One of the favorite meals of my youth was beef fondue. I’d request it for my birthday dinner and Mom and Dad would make sauces and cut up vegetables and beef tenderloin. We had a steel fondue pot—this was the mid 1970s—and Dad would bring out the hot oil and we’d cook our food right there. I loved cooking my own food at the table, dipping the hot fried beef in a thick Bearnaise sauce.
Ann bought me a great fondue pot at Stock PVD as an anniversary gift last month, with all the fixins for the dish: good cheese, bread, wine, kirsch. So simple. And just like my dad used to make for Christmastime parties. It’s the kirsch that is the genius seasoning. A few people in comments thought that cheese fondue has the reputation for being difficult. It’s not.
As with anything that’s mainly fat (such as chocolate) it’s all a matter of bringing a liquid to a boil, in this case white wine, lowering the heat and adding the cheese. Just enough corn starch is added to the cheese to give it the right consistency.
So given the fondue pot, and our recent adventures with the 1970s classic party chicken, Ann requested beef fondue. I was surprised how fresh, clean, and light everything tasted, even though it was fried in oil. The only drawback was the fact that the oil cooled too readily with three people cooking cold meat in the pot, requiring several breaks to bring the oil up to temp.
The potato chip omelet…
This omelet, made only with eggs and Lays potato chips, got so much attention when I posted it on Instagram, I thought I’d include it here with the recipe. Created by Ferran Adria, the Spanish modernist chef, it’s a classic Spanish tortilla, simplified. The following serves two people.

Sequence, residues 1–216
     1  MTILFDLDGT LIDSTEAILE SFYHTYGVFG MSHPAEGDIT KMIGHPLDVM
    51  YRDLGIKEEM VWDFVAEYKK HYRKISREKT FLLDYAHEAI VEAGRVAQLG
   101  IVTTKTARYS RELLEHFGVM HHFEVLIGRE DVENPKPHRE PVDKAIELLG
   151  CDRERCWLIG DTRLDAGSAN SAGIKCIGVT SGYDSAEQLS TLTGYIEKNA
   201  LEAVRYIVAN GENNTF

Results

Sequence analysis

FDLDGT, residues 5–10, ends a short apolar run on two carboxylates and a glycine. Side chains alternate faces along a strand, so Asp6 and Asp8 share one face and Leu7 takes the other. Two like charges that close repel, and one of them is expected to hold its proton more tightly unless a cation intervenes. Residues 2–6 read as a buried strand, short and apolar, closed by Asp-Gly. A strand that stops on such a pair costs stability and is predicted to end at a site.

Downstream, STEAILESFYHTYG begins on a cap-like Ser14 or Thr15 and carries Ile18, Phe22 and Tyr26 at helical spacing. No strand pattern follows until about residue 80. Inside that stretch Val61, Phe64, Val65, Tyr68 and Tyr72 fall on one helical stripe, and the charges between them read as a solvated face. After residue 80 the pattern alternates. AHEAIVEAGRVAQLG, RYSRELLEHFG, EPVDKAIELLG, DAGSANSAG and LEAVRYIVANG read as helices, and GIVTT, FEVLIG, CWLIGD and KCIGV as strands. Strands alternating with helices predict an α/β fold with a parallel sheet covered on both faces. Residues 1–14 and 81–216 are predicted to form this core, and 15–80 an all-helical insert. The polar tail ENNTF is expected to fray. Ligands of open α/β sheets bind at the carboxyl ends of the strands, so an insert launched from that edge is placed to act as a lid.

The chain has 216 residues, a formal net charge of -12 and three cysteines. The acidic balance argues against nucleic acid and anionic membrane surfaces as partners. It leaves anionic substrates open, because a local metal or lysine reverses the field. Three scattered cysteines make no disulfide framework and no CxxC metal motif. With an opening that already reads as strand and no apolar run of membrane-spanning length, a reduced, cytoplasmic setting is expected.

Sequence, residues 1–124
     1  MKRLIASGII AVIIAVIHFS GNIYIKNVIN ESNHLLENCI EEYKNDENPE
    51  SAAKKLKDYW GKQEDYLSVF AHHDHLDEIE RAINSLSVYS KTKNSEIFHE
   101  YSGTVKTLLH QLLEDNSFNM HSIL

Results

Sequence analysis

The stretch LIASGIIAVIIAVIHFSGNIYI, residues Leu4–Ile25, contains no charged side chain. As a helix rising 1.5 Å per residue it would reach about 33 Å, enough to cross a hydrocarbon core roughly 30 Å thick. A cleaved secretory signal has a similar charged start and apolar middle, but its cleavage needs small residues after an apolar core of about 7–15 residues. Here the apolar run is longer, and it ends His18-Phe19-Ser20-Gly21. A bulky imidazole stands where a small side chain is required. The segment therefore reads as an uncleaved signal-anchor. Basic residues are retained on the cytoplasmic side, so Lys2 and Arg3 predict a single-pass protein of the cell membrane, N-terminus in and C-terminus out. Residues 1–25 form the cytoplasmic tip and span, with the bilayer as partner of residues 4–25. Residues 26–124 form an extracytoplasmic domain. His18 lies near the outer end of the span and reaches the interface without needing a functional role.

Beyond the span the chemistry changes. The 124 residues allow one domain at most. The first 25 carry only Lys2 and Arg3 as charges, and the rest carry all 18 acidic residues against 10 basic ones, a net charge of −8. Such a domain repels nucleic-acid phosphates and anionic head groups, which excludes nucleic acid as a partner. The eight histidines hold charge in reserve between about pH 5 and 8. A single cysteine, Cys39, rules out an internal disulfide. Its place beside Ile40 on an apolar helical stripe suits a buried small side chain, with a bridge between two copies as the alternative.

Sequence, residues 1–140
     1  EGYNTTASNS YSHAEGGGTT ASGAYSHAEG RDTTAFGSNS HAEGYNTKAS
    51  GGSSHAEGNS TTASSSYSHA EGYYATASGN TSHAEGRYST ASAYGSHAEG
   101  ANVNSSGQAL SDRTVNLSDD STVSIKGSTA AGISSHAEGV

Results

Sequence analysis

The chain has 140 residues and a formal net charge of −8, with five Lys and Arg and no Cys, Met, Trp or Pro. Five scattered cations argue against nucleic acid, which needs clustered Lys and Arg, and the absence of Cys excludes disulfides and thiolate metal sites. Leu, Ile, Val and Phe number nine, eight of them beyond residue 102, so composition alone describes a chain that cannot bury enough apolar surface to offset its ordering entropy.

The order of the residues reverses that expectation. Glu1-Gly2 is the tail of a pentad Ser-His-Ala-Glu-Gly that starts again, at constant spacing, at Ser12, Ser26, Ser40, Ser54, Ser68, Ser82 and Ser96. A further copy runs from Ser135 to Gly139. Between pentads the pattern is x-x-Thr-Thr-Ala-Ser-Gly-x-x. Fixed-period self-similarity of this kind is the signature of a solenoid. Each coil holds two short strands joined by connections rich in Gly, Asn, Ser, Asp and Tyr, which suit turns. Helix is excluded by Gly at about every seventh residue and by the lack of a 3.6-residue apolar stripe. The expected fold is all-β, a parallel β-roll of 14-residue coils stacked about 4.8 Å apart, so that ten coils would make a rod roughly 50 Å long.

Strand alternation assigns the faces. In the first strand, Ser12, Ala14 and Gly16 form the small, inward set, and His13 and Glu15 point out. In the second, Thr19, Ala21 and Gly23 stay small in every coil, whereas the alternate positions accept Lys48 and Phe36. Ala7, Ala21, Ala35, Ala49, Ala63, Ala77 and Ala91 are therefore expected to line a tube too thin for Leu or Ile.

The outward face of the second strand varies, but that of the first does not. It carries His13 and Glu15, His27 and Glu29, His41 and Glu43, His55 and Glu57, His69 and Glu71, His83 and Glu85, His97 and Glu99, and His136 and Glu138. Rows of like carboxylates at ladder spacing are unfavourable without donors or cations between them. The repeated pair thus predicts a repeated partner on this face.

6 eggs, beaten
1/2 bag of Lays potato chips (8 ounce bag or about 3 cups of chips
drizzle of olive oil
Salt and pepper to taste
1 bottle of very dry bubbly (optional)
Combine the chips and eggs in a bowl. Toss the chips till their well coated with egg. You can break them up a bit if you wish. Leave them alone for a minute or two while you get an appropriate skillet (Ann, who makes, uses a 10-inch non-stick pan) and turn the broiler on.
Over medium heat, add the oil to the pan. When it’s hot, add the eggs and chips. Stir the mixture. As with any omelet, the more you stir, the finer the curds will be. Once the eggs start to set, leave them alone. When you sense that the bottom is set (all this should only take a minute or two), put the pan under the broiler for another minute or two or until the eggs almost set but are still very moist.
Serve with Champagne or other dry sparkling wine. Potato chips go especially well with Champagne.
The Online Demo…
It’s been ages and ages since I’ve done any food demos, but Brandeis University’s Arizona alumni chapter asked me to host a demo with Jonathan Waxman cooking, and then one with Ann and me cooking, and a third with Thomas Keller next week. What fun it’s been. I got to talk about my obsession with roasted chicken and all that you can do with it. Roast chicken was really the impetus for my last book, From Scratch, in which I take ten staple meals and show how much you can learn from mastering one dish.